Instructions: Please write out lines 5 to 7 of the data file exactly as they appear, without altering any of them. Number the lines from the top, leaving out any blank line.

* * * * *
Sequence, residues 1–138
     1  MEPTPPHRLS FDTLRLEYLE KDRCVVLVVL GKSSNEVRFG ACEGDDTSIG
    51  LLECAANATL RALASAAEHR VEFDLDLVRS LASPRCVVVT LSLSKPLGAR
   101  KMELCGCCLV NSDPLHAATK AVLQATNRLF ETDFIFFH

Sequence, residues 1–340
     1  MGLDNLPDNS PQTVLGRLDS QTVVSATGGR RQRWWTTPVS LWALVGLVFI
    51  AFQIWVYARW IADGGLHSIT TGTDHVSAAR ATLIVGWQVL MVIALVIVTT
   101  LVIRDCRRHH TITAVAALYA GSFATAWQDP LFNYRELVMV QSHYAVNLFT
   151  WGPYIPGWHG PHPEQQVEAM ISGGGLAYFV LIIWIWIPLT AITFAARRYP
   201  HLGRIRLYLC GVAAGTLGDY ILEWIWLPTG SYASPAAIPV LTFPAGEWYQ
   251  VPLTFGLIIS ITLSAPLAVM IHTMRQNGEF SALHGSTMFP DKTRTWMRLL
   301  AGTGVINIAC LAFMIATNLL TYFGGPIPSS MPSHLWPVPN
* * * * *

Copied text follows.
Sequence, residues 1–340
     1  MGLDNLPDNS PQTVLGRLDS QTVVSATGGR RQRWWTTPVS LWALVGLVFI
    51  AFQIWVYARW IADGGLHSIT TGTDHVSAAR ATLIVGWQVL MVIALVIVTT